- NAME: Salvador Dalí
- OCCUPATION: Painter
- BIRTH DATE: May 11, 1904
- DEATH DATE: January 23, 1989
- Did You Know?: The Teatro-Museo Dalí is billed as the world's largest Surrealist structure.
- Did You Know?: The Teatro-Museo Dalí is the former site where Dalí had his first public exhibit. The church where he was baptized and later buried is located across the street, and he grew up three blocks away.
- EDUCATION: Academia de San Fernando, Colegio de Hermanos Maristas and the Instituto
- PLACE OF BIRTH: Figueres, Spain
- PLACE OF DEATH: Figueres, Spain
- Full Name: Salvador Felipe Jacinto Dalí y Domenech
- AKA: Salvador Dalí
Best Known For
Spanish artist and Surrealist icon Salvador Dalí is perhaps best known for his painting of melting clocks, The Persistence of Memory.
Salvador Dali - Meeting Gala (3:36)
While in Paris, Salvador Dali took part in the surreal movement of the time and met Gala, the woman who inspired his surreal paintings.
Salvador Dali was given the same name as his brother after his brother's death, leading to Dali having identity crisis issues that followed him for years after childhood.
In the 1960s, Salvador Dali was seen as an artistic icon and lived the life to back it up. Although he made millions for his sought after paintings, Dali spent millions to maintain his extravagant lifestyle.
The bizarre and private life of Salvador Dali and his wife Gala Dali inspired the artwork in several of his paintings.
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After that first year at art school, he discovered modern painting in Cadaques while vacationing with his family. There, he also met Ramon Pichot, a local artist who frequently visited Paris. The following year, his father organized an exhibition of Salvador's charcoal drawings in the family home. By 1919, the young artist had his first public exhibition, at the Municipal Theatre of Figueres.
In 1921, Dalí's mother, Felipa, died of breast cancer. Dalí was 16 years old at the time,
and was devastated by the loss. His father married his deceased wife's sister, which did not endear the younger Dalí any closer to his father, though he respected his aunt. Father and son would battle over many different issues throughout their lives, until the elder Dalí's death.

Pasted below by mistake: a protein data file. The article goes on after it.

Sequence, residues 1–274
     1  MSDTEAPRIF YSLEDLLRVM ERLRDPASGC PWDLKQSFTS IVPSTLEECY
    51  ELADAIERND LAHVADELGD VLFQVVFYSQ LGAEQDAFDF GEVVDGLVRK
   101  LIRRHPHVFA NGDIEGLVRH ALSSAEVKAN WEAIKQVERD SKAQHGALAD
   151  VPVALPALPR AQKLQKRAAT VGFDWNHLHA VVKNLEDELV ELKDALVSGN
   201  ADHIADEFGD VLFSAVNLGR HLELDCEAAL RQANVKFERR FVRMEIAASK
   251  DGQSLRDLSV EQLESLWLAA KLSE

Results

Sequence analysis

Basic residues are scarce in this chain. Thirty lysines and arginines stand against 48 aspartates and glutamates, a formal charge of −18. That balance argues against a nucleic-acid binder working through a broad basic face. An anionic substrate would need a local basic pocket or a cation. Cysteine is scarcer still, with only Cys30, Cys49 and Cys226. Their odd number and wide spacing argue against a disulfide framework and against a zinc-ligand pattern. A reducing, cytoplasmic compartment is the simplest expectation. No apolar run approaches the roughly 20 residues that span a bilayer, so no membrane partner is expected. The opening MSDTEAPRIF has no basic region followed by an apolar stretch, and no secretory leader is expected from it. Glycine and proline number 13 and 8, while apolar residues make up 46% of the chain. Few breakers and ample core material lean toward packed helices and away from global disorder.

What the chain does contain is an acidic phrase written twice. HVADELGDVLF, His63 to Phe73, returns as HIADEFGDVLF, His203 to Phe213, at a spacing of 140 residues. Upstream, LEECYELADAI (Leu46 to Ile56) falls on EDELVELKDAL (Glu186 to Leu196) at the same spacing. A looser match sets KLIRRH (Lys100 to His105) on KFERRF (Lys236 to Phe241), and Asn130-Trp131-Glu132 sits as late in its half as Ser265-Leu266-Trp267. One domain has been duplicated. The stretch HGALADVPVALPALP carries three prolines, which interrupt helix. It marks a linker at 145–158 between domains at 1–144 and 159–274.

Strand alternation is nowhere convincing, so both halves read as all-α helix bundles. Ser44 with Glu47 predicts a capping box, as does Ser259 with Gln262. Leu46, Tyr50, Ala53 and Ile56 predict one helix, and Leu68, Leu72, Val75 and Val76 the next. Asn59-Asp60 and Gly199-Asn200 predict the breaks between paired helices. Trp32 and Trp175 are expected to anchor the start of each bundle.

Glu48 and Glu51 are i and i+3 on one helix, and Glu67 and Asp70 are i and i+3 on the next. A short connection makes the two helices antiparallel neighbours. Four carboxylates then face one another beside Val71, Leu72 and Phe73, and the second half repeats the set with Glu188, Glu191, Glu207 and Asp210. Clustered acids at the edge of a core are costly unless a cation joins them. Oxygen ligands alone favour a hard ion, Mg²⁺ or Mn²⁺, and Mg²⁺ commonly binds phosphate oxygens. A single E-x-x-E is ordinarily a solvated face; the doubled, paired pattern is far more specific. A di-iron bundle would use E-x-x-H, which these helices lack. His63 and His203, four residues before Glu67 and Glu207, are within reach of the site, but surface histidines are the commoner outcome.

In 1922, Dalí enrolled at the Academia de San Fernando in Madrid. He stayed at the school's student residence and soon brought his eccentricity to a new level, growing long hair and sideburns, and dressing in the style of English Aesthetes of the late 19th century. During this time, he was influenced by several different artistic styles, including Metaphysics and Cubism, which earned him attention from his fellow students—though he probably didn't yet understand the Cubist movement entirely.
In 1923, Dalí was suspended from the academy for criticizing his teachers and allegedly starting a riot among students over the academy's choice of a professorship. That same year, he was arrested and briefly imprisoned in Gerona for allegedly supporting the Separatist movement, though Dalí was actually apolitical at the time (and remained so throughout most of his life). He returned to the academy in 1926, but was permanently expelled shortly before his final exams for declaring that no member of the faculty was competent enough to examine him.
While in school, Dalí began exploring many forms of art including classical painters like Raphael, Bronzino and Diego Velázquez (from whom he adopted his signature curled moustache). He also dabbled in avant-garde art movements such as Dada, a post-World War I anti-establishment movement. While Dalí's apolitical outlook on life prevented him from becoming a strict follower, the Dada philosophy influenced his work throughout his life.
In between 1926 and 1929, Dalí made several trips to Paris, where he met with influential painters and intellectuals such as Pablo Picasso, whom he revered. During this time, Dalí painted a number of works that displayed Picasso's influence. He also met Joan Miró, the Spanish painter and sculptor who, along with poet Paul Éluard and painter René Magritte, introduced Dalí to Surrealism. By this time, Dalí was working with styles of Impressionism, Futurism and Cubism. Dalí's paintings became associated with three general themes: 1) man's universe and sensations, 2) sexual symbolism and 3) ideographic imagery.
All of this experimentation led to Dalí's first Surrealistic period in 1929. These oil paintings were small collages of his dream images.
Included In These Groups
From the surrealist melting watches of Salvador Dalí to the edgy graffiti-inspired canvases of Jean-Michel Basquiat, famous Hispanic artists have used their rich imaginations to capture the world’s collective eye. Legendary painters such as cubist Pablo Picasso, self-portrait master and feminist icon Frida Kahlo and revolutionary muralist Diego Rivera, made strong political and personal statements with their work that both defied definition and created new ones. Learn more about these renowned Hispanic painters, sculptors and illustrators, from their early days, to their struggle for acceptance in the art world, to their arrival at legendary status and more. See all the artists.
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